This is September’s edition of my Iraq SIGACT monitoring and analysis report focused on the south (Basra, Muthanna, Dhi Qar, and Maysan). The data collection parameters for recorded incidents are as follows:
> Serious violent crime (e.g. armed car robbery)
> Tribal fighting
> Terrorism (this includes attacks by militia groups and intra-militia violence)
> Arms trafficking
> Drug trafficking
> Protest activity
> Maritime incidents
Each report contains three elements:
1. SIGACT map which allows users to filter by incident type and date and read an incident report by clicking on the map marker. Click “full map” for complete functionality.
2. Pivot table which allows users to easily filter incidents by date, incident type, and/or a named target. E.g to view a readout of the locations and number of all tribal fighting incidents and resultant number of casualties within a specified range of dates.
3. Analysis providing political context and examination of trends which emerge from cumulative data collection.
SIGACT Map: South Iraq August 2017
Pivot Table: South Iraq August 2017
The security environment across southern Iraq remains acutely challenging. However, the locus and nature of physical risk shifted during September. The 14 September mass casualty attack at the Fadak checkpoint and restaurant, located close to the Dhi Qar-Muthanna border, killing 84 and injuring 93, accounts for most casualties in September, obscuring downward trends in casualties from other types of violence, particularly tribal fighting, compared with August. September 2017 recorded 46 total incidents across the south (Basra: 29; Dhi Qar: 10; Maysan: 5; Muthanna: 2). These incidents resulted in 93 dead (Basra: 1; and Dhi Qar: 92), and 100 injured (Dhi Qar: 98; Maysan: 1; Muthanna: 1). These trends and the factors shaping the security landscape will be explored in detail below.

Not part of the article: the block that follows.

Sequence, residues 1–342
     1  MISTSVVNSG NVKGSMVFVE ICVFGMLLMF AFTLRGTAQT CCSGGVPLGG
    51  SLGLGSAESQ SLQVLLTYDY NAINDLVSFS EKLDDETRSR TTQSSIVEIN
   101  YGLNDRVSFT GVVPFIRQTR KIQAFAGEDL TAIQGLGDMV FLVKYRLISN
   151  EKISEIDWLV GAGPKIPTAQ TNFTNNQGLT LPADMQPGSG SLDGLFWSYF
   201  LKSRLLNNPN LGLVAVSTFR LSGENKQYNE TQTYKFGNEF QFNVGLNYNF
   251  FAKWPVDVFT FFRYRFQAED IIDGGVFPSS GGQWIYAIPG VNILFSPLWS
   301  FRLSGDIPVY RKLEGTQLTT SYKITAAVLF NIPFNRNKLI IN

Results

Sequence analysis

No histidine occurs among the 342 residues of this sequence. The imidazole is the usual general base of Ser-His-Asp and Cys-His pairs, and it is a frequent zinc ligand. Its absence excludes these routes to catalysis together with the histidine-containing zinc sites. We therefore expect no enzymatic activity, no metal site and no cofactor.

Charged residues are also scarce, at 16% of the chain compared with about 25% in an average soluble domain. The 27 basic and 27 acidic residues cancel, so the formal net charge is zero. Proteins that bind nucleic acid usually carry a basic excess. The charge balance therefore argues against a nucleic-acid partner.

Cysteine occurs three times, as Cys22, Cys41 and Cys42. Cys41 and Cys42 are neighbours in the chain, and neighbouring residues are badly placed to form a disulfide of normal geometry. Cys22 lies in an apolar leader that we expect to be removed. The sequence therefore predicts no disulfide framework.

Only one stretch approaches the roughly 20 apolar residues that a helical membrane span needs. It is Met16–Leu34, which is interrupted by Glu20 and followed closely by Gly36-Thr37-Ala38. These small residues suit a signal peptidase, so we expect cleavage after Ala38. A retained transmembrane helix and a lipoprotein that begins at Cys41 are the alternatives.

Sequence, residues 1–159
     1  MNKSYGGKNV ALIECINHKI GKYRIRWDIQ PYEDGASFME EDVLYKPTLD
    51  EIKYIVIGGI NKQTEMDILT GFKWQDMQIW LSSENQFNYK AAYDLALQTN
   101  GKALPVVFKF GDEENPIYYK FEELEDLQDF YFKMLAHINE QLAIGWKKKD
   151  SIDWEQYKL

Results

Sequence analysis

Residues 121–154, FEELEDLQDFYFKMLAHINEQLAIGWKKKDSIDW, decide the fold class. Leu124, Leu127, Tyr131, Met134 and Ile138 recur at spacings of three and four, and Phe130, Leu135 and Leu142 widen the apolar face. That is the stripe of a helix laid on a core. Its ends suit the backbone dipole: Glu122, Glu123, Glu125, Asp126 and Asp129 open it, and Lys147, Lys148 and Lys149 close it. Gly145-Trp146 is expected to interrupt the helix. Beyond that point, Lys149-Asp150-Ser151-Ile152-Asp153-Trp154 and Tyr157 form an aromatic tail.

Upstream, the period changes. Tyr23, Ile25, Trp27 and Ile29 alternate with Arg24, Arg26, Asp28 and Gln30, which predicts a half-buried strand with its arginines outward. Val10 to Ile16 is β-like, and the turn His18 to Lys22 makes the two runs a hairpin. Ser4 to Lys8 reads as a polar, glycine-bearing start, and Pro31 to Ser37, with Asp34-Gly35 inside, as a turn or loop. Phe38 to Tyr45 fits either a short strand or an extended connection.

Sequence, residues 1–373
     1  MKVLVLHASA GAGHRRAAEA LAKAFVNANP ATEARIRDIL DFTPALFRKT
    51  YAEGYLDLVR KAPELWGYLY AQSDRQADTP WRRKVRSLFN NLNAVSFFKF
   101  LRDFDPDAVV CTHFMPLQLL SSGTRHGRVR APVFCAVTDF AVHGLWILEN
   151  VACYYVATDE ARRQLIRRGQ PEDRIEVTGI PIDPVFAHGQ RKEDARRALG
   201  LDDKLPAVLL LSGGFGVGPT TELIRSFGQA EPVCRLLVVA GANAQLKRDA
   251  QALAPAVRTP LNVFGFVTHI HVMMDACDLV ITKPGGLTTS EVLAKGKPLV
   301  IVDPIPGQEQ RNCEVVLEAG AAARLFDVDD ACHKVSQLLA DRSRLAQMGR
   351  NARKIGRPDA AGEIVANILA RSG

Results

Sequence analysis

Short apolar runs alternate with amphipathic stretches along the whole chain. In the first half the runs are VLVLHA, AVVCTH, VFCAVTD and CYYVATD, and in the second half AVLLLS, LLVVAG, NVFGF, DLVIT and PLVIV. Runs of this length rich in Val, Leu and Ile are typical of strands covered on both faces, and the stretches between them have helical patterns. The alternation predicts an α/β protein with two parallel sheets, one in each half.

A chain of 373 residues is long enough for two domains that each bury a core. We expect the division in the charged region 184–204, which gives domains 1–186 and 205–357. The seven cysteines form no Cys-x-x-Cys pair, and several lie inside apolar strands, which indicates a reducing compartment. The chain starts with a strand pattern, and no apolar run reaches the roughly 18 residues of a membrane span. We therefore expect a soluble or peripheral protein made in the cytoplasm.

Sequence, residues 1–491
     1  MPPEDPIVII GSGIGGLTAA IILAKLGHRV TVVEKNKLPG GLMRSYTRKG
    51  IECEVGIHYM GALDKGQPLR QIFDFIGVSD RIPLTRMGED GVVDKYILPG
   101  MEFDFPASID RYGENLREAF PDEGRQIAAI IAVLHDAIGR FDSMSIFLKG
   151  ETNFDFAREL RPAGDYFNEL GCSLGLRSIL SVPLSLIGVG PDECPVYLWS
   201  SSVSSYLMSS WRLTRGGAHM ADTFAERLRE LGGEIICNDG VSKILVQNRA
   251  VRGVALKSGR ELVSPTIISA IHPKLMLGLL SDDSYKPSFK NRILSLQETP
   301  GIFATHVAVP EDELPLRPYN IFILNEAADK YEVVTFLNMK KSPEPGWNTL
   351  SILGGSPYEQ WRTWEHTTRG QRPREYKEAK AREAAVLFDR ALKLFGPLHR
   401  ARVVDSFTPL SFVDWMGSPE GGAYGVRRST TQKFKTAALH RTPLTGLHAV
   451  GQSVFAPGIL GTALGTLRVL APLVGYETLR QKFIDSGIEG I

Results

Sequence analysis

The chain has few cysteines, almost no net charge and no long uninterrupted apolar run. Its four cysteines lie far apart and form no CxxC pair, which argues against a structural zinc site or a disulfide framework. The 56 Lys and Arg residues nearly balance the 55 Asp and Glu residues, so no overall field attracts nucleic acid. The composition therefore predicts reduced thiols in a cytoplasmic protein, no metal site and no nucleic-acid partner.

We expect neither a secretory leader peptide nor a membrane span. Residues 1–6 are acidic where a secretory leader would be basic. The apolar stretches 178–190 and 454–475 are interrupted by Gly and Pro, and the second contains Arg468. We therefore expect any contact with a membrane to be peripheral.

The double terrorist attack involving 4 suicide vehicles on the Fadak checkpoint and adjacent restaurant killed 84 and injured 93. IS claimed responsibility for the attack that targeted a restaurant popular with Iraqi and Iranian Shi’i pilgrims traveling from south Iraq to visit pilgrimage sites in Najaf and Karbala. The attack involved a double car bombing and attack by men armed with PKM light machine guns (a popular weapon of choice for all armed groups in Iraq). Gunmen exchanged fire with security forces at the checkpoint, leading to several deaths on both sides. Surviving attackers escaped into the desert region connecting Dhi Qar with Muthanna.
The Fadak attack represents the materialisation of IS’s tactical shift towards asymmetric mass casualty attacks on civilian targets as their territory in the north has been recaptured during recent operations in Mosul, Tela’far, and Hawijah. While the oil and energy infrastructure in southern Iraq would represent high value targets for IS, the high levels of security surrounding this infrastructure makes attacks on soft targets, such as the Fadak attack, the more likely approach. The Fadak attack demonstrated that IS retains the capacity and will to carry out mass casualty attacks targeting Iraq’s Shi’i population in the south.